LOS ANGELES -- Life at little Loyola Marymount University, perched on a hillside overlooking the lazy harbor of Marina Del Rey, proceeds with the tanned, relaxed nonchalance of other California campuses, until a visitor looks inside Albert Gersten Pavilion and encounters a scene of electric mayhem.

At a school of only 3,500 students, Paul Westhead, who once coached the Los Angeles Lakers to an NBA championship, has fashioned a basketball team averaging more than 108 points a game and signaling a rise in the West of small powers in the ruins of the larger Pacific-10 basketball schools.

Not long ago, the only people who showed up for a Loyola game were parents, girlfriends and the opponent's fans. But, lately, with the Lions leading the nation in points per game, basketball enthusiasts from around the city have waited in ticket lines hoping for a chance to see the team perform its blitz of fast breaks and slam dunks as it defends a 17-game winning streak. At 20-3, Loyola Marymount is one of the few Division I teams already to have 20 victories -- and, for the first time ever, has made the wire service ratings, at No. 20 in both AP and UPI polls.

Under Westhead, the program has attracted national attention for its quick-paced, high-scoring style. It is the only style Westhead, a native of Philadelphia, will coach.

It is what made two former Philadelphian starters at the University of Southern California, Bo Kimble and Hank Gathers, defect to Loyola.

"This is the kind of game I grew up on," Kimble said. "It's like a playground game. To me, it's the only way to play the game."

The two freshmen from Southern Cal looked for another home court after a dispute with incoming USC Coach George Raveling, putting their scholarships in jeopardy. The refugees from USC were soon joined by another Pac-10 starter, Corey Gaines from UCLA.

Faced with talented recruits who threatened to cut into his playing time, Gaines decided to transfer to a school where he could play out his senior year in a program that fit his running style, even if it meant sitting out a year and paying the private school tuition.

"Everybody can see that this is not as big a name school {as UCLA} but nowadays the small schools are doing well because the players are starting to see that it's not where you go but what you do where you go that counts," Gaines said.

"If Coach Westhead was here at the time I came out {of high school} I probably would have gone here, knowing what I know now."

With these three transfers in the starting lineup, Loyola has not lost.

Meanwhile, as this athletically unheralded school basks in Los Angeles' center court, UCLA and USC, the city's larger, more dominant schools, are having dismal seasons, leading many people to say the West Coast is a barren basketball wasteland.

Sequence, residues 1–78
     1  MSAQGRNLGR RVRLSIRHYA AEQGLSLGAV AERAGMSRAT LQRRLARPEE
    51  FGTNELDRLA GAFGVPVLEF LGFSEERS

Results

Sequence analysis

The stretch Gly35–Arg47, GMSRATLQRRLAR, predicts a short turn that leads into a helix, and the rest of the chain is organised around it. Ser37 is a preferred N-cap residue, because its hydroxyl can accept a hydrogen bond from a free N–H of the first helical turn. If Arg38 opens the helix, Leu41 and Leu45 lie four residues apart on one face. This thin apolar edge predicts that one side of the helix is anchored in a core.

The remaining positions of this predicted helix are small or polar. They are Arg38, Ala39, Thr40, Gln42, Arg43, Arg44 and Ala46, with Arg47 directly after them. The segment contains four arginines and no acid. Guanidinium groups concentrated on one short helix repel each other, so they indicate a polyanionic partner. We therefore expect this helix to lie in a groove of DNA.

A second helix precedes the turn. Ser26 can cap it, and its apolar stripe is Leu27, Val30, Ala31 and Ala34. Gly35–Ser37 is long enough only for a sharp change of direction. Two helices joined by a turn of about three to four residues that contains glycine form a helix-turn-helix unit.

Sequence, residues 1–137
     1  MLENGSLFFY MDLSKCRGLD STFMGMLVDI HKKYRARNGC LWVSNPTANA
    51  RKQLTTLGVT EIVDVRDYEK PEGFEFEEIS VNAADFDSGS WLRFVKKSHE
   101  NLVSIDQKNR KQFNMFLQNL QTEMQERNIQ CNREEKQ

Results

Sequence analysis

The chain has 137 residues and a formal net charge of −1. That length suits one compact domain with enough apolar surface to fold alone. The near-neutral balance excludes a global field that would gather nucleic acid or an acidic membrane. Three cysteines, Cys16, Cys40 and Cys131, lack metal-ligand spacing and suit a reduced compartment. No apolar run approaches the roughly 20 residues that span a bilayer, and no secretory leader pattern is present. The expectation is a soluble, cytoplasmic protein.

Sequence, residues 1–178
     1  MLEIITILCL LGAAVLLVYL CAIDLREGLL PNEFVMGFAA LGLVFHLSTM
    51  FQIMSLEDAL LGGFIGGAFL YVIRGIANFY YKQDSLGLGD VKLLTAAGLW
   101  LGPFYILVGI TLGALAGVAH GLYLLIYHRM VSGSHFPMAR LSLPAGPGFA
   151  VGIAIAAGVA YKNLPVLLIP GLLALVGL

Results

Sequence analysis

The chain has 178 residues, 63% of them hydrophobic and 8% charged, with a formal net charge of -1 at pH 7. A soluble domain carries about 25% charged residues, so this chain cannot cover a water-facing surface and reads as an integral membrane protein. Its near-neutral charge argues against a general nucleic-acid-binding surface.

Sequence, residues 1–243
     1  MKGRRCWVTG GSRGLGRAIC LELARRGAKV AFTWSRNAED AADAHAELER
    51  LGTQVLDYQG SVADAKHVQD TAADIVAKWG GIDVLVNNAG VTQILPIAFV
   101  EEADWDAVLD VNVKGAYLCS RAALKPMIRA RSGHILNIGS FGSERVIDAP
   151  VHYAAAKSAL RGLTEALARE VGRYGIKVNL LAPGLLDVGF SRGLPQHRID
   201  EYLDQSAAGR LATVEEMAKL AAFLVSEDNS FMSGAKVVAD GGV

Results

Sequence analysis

"Unfortunately, the national image of basketball here is poor because two or three of the big hitters are down, but there's a whole bunch of us who are doing real well like {UC} Santa Barbara, {UC} Irvine, and in the past Fresno State. California is a big state," Westhead said.

"I think it speaks not of the weakness of the bigger schools but of strength and power of basketball on the West Coast," he said.

So far, in the West Coast Athletic Conference, Loyola has been unbeatable. The Lions press almost every inbounds play and take defensive chances by overplaying for a steal. On offense they quickly pass the ball upcourt and try to shoot within the first six or seven seconds of a possession.

In the normally moderate-scoring conference, with coaches known for emphasis on defense, Loyola has allowed opponents to score 92 points a game and shoot 52 percent. But the tiring pace eventually wears the opponent down and Loyola has been winning by an average margin of 16.5 points a game.

"We try to get steals, so of course we take gambles and risks on defense and they get a few easy buckets, but they pay for it in the long run by staying with our pace," Gaines said.

Asked how his team would fare against the nationally higher-rated teams, Westhead said, "We'd score in the hundreds and they'd be tired. Whether we would win or not, who knows? But those two things are guaranteed."

In his third year at Loyola, Westhead finds the lure of coaching in the NBA not as important as it once was. "Happiness is when your scheme is working and the players have bought into it," he said.

"Coaches are in it for the thrill of the game . . . so whether you're sitting at the beach because you're an NBA coach waiting for the next game or you're in a high school gym recruiting before the next game, that becomes irrelevant.

"This team has good quality and excellent commitment to the scheme. They really believe that this running system is invincible," he said.

Indeed, the players and students of Loyola Marymount walk around campus with the proud conviction that "the system" is unbeatable.

"I definitely think we are one of the best teams on the West Coast, if not in the nation," Gathers said. "I think we can run with anybody."

Westhead realizes he has critics who, despite his current success, say his system is too one-dimensional because it does not prepare the team for other game situations. He agrees.

"It's true, it only works if you buy the whole system," he said. "Without buying in like that, it becomes very mediocre." But as long as his players buy it, he's sold that it's the best system around.

"I decided," Westhead said, "not to follow the advice of Ben Franklin, another Philadelphian, who said, 'Don't put all thy eggs in one basket.' Instead, I'm following the advice of Mark Twain, who said, 'Put all your eggs in one basket and watch that basket.' "